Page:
Title Insurance Company hired Law Firm to bring an action on behalf of insured Bank to vindicate Bank's mortgage lien. The trial court, in a discovery dispute, ruled that communications between the insurance company and Law Firm were not protected by the privilege. First, the court ruled that, as in the case of casualty policies, in California the law firm hired by the insurance company represents the insurer, as well as the insured.
This assumes there is no conflict. Second, the court held that the mere fact of a reservation of rights does not obviate the privilege so long as the policy defense relies on facts separate from the issues being dealt with by the law firm. Insco reserved rights in a claim against Contractor.
Contractor wanted a different law firm from that hired by Insco. Contractor agreed to pay the difference between the fees charged by the first law firm and its own law firm.
In this suit on the policy Contractor claimed that it should recover the difference in fees. In this opinion the court denied that relief, holding that there was not a conflict of interest, which might have had the effect of negating Contractor's earlier agreement to pay the fee differential. Faith in Action, Ill.
Reservation of rights, among other things. This case involves a not-for-profit entity, an entity volunteer, a fatality in an auto driven by the volunteer, the carrier for the entity, and the carrier for the driver. There are many issues including estoppel from asserting a reservation of rights. The one issue relevant to this audience was whether one of the carriers had a duty to pay for independent counsel for one of the insureds.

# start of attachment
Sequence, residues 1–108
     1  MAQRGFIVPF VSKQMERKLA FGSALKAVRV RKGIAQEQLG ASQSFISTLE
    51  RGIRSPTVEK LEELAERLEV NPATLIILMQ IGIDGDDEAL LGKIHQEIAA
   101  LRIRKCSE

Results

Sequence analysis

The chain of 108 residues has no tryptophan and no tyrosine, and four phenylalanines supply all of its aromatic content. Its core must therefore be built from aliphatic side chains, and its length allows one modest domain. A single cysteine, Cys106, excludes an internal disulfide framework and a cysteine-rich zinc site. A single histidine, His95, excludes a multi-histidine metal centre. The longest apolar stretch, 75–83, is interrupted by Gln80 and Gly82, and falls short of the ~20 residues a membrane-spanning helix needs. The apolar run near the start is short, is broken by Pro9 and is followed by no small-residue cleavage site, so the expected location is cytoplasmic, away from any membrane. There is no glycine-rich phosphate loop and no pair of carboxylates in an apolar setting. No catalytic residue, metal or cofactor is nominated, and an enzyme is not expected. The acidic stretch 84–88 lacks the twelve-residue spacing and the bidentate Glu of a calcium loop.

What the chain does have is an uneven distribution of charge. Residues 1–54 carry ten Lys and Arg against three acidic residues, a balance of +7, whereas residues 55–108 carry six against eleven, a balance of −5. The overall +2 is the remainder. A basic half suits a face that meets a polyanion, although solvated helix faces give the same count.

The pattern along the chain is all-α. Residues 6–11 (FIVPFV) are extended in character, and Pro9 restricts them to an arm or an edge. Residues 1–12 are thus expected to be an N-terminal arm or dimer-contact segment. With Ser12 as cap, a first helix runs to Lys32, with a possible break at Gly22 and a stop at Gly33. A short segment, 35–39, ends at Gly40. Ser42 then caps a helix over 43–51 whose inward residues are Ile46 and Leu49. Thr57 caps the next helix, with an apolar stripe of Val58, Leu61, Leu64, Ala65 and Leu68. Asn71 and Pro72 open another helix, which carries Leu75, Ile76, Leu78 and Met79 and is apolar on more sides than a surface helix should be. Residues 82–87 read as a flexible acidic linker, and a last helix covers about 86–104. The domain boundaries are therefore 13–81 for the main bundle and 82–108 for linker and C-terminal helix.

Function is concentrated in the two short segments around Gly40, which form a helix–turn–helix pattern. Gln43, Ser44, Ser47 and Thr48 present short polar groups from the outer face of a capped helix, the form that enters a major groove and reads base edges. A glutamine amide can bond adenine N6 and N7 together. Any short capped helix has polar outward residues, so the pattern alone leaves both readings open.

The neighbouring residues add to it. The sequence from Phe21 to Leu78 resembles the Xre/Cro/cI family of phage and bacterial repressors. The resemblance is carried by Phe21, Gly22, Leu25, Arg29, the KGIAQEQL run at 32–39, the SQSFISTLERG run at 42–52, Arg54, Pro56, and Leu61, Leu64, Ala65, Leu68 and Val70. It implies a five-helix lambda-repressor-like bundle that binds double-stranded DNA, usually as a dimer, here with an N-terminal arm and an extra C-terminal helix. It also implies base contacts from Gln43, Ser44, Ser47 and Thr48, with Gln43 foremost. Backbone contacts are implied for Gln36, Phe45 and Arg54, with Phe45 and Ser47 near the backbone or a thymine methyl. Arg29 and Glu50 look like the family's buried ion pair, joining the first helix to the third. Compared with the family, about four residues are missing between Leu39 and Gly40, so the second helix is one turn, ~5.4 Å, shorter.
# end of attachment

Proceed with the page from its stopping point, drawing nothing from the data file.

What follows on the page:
Because one law firm would be in a position to make arguments militating against coverage, the court held that the carrier had to pay for independent counsel.
This audience is familiar with the concept that an insurance carrier, which has reserved rights, must hire independent counsel for the insured where counsel would be in a position to skew the case into a non-covered one.
In this case the court said the same principle applied to a contractual indemnitor who controlled counsel in defending the contractual indemnitee. However, the court found no such conflict in this case. A sued B and C for breach of contract. B, claiming any liability it might have resulted from C's misconduct, brought a cross claim for indemnity against C.
C told B that C intended to defend both B and C, that C would pay any resultant liability, and that C had sufficient funds to do so. Nevertheless, B hired independent counsel to defend B.